A second poppet valve 85, similar to the valve 73, is included in the control unit 68. The poppet valve 85 includes an O-ring 86 which is engageable with a seat 87 between an enlarged inlet chamber 88 and a smaller chamber 89 downstream from the inlet. A compression spring 90 bears against the lower end of the valve member, biasing it toward the closed position where the O-ring 86 engages the seat 87. A frustoconical portion 91 of the valve member connects to a stem 92 above which is a cylindrical portion 93 slidable within a complementary opening 94. An O-ring 95 seals the cylindrical portion 93 with respect to the wall of the opening 94.
The inlet to the valve 85 is from a line 96 which connects to the port 55 of the valve 49 on the upper side of the diaphragm 52 of that valve. The outlet port 97 of the valve 85 connects through a line 98 to the drain 40.
An oblong plate 99 is positioned in a chamber 100 at the upper end of the control unit 68. The lower surface of the plate 99 includes recesses 101 and 102 which complementarily receive the upper ends of the cylindrical part 79 of the valve 73 and the cylindrical part 93 of the valve 85. On the upper side of the plate 99, between the recesses 101 and 102, are domed protrusions 103 and 104 which are hemispherical in shape.
Above the plate 99, in the chamber 100, is a rotary actuator 105 having an upwardly extending stem 106 to which a handle 107 connects, outwardly of the unit 68. The stem 106 extends through an exteriorly threaded tube 108 which, in conjunction with a nut (not shown) provides a means for attaching the unit 68 beneath a sink, with the handle 107 and spigot 83 above the sink.
Recesses 109 and 110 in the lower surface of the actuator 105 receive the protrusions 103 and 104, respectively. These recesses provide cam surfaces, having relatively steep walls 111 and 112 at one end, and more shallow walls 113 and 114 at the other end.
When the poppet valves are closed, the protuberances 103 and 104 are maintained in the central parts of the recesses 101 and 102 by the force of the compression spring 71 which pushes the poppet 73 against the plate 99. The upper end 93 of the valve 85 is made slightly shorter than the corresponding part 79 of the valve 73, however, so that there is a small clearance between the poppet 85 and the plate 99.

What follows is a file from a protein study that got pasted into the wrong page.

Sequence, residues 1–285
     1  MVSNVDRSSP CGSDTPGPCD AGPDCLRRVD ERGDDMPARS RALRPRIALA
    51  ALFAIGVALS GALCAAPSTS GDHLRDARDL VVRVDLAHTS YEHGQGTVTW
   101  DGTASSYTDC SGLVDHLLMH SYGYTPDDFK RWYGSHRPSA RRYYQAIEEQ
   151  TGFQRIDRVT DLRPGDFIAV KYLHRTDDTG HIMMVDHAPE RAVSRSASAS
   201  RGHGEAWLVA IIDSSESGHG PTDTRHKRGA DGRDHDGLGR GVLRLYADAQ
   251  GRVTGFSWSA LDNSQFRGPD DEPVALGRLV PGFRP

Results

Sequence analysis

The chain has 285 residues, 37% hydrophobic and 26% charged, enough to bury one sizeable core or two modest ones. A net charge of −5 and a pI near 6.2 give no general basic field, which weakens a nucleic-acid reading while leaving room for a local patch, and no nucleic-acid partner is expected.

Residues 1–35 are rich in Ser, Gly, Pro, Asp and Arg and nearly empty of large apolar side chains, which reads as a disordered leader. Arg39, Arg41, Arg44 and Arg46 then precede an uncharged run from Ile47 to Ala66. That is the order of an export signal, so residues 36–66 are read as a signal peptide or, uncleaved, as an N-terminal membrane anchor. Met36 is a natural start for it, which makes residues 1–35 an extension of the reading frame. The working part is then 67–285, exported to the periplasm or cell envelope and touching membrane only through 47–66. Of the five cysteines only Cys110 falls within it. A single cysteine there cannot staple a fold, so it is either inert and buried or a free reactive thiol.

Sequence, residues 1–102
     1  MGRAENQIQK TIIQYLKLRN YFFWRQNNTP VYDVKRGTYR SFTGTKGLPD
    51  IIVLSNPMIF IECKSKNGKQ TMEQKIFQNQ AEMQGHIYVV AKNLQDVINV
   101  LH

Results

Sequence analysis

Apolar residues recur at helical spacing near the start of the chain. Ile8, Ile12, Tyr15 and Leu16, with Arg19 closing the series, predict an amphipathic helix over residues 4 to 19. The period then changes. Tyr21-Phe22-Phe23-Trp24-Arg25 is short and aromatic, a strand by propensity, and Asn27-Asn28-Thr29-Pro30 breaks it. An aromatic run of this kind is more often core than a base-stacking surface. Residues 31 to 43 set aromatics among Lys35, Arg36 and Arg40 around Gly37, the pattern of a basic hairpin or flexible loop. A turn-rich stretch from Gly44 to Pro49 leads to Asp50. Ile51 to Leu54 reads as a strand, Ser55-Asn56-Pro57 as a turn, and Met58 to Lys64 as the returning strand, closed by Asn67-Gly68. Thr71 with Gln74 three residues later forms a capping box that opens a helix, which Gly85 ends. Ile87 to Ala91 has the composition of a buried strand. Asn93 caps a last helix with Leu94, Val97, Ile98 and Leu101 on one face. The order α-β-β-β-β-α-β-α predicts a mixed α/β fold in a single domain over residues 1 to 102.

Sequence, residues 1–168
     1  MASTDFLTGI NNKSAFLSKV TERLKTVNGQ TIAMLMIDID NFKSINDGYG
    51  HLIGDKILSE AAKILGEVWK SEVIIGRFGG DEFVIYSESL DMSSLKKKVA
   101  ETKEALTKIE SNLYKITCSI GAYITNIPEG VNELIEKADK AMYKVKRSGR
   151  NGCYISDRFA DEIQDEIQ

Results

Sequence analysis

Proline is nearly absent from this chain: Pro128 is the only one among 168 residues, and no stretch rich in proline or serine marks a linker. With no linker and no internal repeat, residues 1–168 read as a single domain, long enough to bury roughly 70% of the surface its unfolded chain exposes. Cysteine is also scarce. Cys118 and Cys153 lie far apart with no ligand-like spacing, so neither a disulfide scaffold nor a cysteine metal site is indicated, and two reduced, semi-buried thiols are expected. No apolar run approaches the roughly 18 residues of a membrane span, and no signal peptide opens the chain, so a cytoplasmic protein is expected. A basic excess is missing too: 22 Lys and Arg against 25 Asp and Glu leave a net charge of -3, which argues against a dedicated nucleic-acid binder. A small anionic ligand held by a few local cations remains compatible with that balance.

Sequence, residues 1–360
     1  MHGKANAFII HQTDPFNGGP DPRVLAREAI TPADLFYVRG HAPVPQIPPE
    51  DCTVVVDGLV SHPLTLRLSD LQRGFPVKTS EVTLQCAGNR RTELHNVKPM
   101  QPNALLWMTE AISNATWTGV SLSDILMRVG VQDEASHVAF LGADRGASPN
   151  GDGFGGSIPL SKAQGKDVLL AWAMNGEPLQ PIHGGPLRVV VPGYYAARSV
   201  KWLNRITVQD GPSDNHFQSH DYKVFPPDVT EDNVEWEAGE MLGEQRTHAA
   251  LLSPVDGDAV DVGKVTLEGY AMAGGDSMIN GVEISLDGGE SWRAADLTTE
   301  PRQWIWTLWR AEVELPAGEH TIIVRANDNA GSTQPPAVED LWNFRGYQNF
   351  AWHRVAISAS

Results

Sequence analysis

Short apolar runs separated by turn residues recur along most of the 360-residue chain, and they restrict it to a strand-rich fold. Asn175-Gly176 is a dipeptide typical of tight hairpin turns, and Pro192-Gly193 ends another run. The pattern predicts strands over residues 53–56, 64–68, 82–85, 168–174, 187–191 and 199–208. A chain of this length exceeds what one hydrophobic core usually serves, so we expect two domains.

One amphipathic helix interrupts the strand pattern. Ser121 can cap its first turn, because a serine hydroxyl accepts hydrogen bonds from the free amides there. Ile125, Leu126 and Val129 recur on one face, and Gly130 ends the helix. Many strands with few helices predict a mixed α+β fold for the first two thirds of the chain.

Rotation of the handle 107, which turns the stem 106 and thus the actuator 105, cams the protuberances 103 and 104 out of the recesses 109 and 110. This pushes downwardly on the plate 99 (which does not rotate), thereby reacting through the upper cylindrical portions 79 and 93 of the poppet valves 73 and 85, opening these valves together. Because of the clearance at the poppet 85, the opening of the valve 73 slightly precedes that of the valve 85.
An abrupt opening of the valves is caused if the actuator is moved counterclockwise from the position illustrated in FIG. 10, which causes the steeply sloped surfaces 111 and 112 to react against the protuberances 103 and 104 in opening the valves. Sufficient rotation will take the protuberances out of the recesses so that they bear against the undersurface 115 of the actuator 105, holding the valves in the open position. Rotation clockwise from the position of FIG. 10 causes the shallowly sloped surfaces 113 and 114 to be used in providing more gradual movement of the plate 99 for more slowly opening the valves.
In operation of the system to draw water from the spigot 83, the handle 107 is turned to open the control valves 73 and 85, thereby opening the lines 67, 72 and 96. Because of the lead given the valve 73, the lines 67 and 72 are opened initially. This relieves pressure from within the chamber 25 above the diaphragm 27 of the valve 12. The bleeding of pressure from the chamber 25 of the valve 12 allows the line pressure within the chamber 20 (which communicates with the inlet 11 by the bleed openings 19) to push the piston 26 upwardly, withdrawing the pin end 31 from the opening 32 in the diaphragm 18. This immediately relieves the pressure in the chamber 20 as a result of which the line pressure from the supply line 10, bearing against the underside of the diaphragm 18, pushes the diaphragm upwardly off of the seat 17. This opens the valve 12 so that inlet water is permitted to flow from the line 10, past the seat 17, through the outlet port 13 and the line 14, into the reverse osmosis filter 15.